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News Planning board votes to change ordinance

Particulars on fill in a floodplain still to be worked out.

The floodplain ordinance in Macon County has been a topic of concern for years now. At previous planning board meetings, members of the community, who chose to attend fervently, supported leaving the ordinance as it stands—which would mean disallowing fill to be placed in the floodplain. In recent months, the planning board meetings have seen a small, consistent faction of local residents attend the gatherings to voice their concerns over changing the ordinance, ultimately asking the board to consider keeping the ban on fill in place. The board members were able to push the issue to the side for a short while as the North Carolina General Assembly considered Senate Bill 612, which would require that no local ordinance be stricter than what the state requires, but the bill has been shelved for now. The bill would have nullified the ban on fill. At the request of the county commissioners, the planning board must now provide its recommendations.

At last Thursday's meeting, the board primarily looked to do just that. Vice chairman Derek Roland opened the meeting welcoming new members John Shearl and Joe Deal. The board then selected Roland as the new chairman and Chris Danners as the new vice chair.

The floor opened up for public comment as three people were present to speak out against changing the flood ordinance, asking the members to listen to those who had been present before to speak against the change.

“I just hope you will consider our local farmers and the damage adding fill to the floodplain can do,” said Kathy Tinsley of the Voluntary Agriculture District Board.

In the event that the board chose to allow fill in the flood plain, Hanners developed a set of guidelines for the process that he presented to the board. His proposal had some different suggestions than the proposal that county planner Matt Mason had developed for the board.

“I took a cut off at a half acre for when a more stringent requirement takes place and a design professional would have to be involved in the fill process. I addressed some very standard details that would pretty much go in any situation,” said Hanners.

“I think Chris' suggestion defines the process better.” said Mason.

Mason's updated ordinance to allow fill states that material can be used in a floodplain, but that certain requirements must be met. The fillhas to be clean soil, compacted to 95 percent of the maximum density; it must extend at least 10 to 15 feet beyond the footprint of the structure; the material must have graded slopes, and that the slopes must be protected against erosion. Mason also suggested that a design professional certify the fill elevation, compaction, slope, and slope protection measures. Hanners agreed, but only when filling more than half an acre.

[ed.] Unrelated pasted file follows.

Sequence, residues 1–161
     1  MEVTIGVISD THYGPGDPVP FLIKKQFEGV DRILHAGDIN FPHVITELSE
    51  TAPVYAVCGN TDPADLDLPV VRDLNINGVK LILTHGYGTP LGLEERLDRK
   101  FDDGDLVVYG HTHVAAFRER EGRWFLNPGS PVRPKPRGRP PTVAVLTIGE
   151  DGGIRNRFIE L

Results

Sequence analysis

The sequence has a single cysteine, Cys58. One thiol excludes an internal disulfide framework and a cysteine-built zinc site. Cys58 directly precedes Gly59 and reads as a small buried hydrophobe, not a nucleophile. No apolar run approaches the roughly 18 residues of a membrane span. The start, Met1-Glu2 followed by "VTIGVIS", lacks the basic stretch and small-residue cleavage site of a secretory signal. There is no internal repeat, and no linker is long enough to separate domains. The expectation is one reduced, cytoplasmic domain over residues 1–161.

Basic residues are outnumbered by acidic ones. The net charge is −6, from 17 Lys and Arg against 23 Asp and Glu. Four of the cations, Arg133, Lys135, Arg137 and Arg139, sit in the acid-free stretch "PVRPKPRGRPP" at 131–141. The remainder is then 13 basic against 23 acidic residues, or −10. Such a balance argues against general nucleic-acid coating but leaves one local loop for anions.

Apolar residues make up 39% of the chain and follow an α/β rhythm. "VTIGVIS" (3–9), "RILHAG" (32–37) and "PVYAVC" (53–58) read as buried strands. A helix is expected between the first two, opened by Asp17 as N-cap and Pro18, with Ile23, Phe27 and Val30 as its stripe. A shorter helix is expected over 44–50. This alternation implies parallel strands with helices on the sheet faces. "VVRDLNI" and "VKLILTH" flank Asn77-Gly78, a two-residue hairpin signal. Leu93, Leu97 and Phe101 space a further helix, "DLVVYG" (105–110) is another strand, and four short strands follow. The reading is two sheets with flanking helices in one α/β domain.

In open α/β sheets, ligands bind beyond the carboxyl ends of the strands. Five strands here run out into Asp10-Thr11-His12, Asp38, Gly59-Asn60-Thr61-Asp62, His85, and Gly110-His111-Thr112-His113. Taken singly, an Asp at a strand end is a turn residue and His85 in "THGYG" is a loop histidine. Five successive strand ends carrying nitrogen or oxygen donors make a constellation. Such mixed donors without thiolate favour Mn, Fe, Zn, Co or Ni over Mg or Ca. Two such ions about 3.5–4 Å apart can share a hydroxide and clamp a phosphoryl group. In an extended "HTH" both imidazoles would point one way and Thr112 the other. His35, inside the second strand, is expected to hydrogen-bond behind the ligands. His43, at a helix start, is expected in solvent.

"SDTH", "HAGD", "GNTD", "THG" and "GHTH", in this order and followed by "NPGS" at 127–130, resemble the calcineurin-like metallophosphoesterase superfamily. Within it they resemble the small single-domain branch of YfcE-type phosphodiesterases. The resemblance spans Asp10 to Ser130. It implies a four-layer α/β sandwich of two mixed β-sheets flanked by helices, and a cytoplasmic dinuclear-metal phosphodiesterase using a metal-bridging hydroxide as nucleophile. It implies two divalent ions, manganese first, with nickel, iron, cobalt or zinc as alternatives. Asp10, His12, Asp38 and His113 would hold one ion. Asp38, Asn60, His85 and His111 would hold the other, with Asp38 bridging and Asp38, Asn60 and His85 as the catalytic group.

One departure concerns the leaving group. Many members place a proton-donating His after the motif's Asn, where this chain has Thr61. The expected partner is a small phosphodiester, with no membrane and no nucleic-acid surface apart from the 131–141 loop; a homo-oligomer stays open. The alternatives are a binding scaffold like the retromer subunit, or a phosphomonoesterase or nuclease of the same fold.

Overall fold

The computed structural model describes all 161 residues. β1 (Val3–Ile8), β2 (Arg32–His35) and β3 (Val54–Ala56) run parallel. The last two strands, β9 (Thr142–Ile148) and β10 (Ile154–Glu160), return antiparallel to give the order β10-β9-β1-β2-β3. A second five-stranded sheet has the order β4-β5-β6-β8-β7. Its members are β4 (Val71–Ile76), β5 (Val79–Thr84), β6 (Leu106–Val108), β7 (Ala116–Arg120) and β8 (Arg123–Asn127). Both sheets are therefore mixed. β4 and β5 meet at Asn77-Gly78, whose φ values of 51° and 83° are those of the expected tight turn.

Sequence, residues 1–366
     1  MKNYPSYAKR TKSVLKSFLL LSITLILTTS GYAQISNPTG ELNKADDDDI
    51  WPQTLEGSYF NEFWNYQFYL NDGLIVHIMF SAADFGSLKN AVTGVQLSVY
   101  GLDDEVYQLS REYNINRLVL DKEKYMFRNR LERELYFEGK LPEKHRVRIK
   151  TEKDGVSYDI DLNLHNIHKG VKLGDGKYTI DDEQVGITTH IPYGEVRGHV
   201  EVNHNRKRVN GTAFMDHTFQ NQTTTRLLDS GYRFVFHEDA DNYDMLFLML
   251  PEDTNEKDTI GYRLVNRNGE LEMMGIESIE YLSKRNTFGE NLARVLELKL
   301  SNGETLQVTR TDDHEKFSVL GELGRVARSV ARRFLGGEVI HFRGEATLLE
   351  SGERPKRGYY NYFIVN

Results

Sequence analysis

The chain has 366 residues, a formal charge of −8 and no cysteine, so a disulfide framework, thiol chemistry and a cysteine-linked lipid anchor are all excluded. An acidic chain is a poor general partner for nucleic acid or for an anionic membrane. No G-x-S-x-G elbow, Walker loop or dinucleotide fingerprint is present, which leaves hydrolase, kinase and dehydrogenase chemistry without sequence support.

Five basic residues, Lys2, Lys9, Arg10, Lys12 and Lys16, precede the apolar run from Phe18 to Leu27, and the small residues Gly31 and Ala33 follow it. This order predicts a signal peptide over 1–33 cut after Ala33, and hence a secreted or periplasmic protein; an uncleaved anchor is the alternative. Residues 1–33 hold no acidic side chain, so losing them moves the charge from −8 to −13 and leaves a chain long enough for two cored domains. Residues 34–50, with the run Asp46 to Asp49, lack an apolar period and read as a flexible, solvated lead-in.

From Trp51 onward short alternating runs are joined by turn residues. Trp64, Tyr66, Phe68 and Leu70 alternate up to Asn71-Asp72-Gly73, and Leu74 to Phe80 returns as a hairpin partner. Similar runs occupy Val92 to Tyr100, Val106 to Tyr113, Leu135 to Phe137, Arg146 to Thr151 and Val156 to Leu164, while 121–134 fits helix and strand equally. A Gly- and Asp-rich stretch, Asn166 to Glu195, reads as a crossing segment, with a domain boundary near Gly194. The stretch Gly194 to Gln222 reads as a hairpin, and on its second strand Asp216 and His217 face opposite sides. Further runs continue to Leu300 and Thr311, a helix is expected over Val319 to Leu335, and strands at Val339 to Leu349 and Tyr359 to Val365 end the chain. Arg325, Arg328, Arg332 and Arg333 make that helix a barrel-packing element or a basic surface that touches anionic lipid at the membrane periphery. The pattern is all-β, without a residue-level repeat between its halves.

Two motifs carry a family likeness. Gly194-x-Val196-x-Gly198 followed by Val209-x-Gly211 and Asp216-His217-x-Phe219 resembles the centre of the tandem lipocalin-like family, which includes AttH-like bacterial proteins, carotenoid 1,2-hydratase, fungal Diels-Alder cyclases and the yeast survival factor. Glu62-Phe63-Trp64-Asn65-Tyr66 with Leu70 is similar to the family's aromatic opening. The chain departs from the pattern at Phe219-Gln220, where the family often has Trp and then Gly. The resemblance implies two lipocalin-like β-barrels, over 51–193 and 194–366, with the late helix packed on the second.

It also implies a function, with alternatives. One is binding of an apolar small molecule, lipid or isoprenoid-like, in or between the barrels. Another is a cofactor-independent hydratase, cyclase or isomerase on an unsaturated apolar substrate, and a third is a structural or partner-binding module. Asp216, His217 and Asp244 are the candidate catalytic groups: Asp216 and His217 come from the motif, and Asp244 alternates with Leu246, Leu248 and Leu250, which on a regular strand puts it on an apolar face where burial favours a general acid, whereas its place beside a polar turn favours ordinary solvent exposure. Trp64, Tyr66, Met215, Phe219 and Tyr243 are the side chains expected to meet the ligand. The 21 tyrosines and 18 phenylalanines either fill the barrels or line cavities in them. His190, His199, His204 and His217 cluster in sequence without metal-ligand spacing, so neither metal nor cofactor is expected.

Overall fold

“So we have some options. We can vote to leave the ordinance as it is, we can vote to recommend Matt's recommendation, or we can vote to recommend Chris',” said Roland.

After members of the board explained the history that brought them to the discussion, the two new members offered opposing opinions of the matter.

“I understand the concern that has been expressed, but I think when it comes down to it, the property owner should have a right to do what they want with their land,” said Shearl.

Referencing concerns from past meetings that filling the floodplain would result in areas downstream becoming flooded, Deal disagreed.

“I think we have to consider the well-being of our neighbors,” he said.

Roland reminded the members of a key component of the current ordinance.

“Just remember, the ordinance as written doesn't say that you can't build in a floodplain, only that you can't put fill in the floodplain. The commissioners asked us to look at the floodplain ordinance and offer up a recommendation. I think if this evening, we just decide whether we should change it or not, that would fulfill their request. Then we can take our time, think it over and come back next month to decide which plan we want to use if we do in fact decide it needs to change.”

The members agreed that the request would be fulfilled if they did as Roland suggested. Member Lamar Sprinkle made a motion to change the ordinance with Hanners seconding. The motioned carried, 7-2.

County Commissioner and planning board liaison Jimmy Tate commented on the decision before the meeting closed.

“You all are making, potentially, a very significant change to a Macon County ordinance that has been in existence for some time,” said Tate. “I have sat through every one of these meetings with you all and I have listened to testimony from the public comment on why the ordinance shouldn't be changed, but I haven't heard a single person come to these meetings and testify as to why we should allow the fill. So from my stand point, as the liaison, I've got to take that to the other commissioners and I've got to go potentially sell your idea of why this should happen. The only thing I've heard so far is property rights.”

Member Peggy Patterson suggested that people had been fighting for 30 years to allow fill and they have gotten tired of fighting so now the only people who come to the meetings changing the ordinance, are thise opposed to Sprinkle told the board that “most of the people who would have been in favor of [fill] were busy working” and were unable to attend the meetings.

The board will meet again next month on Aug. 15 at 4 p.m. at the meeting room of the Health and Human Services building. The public is invited to attend.





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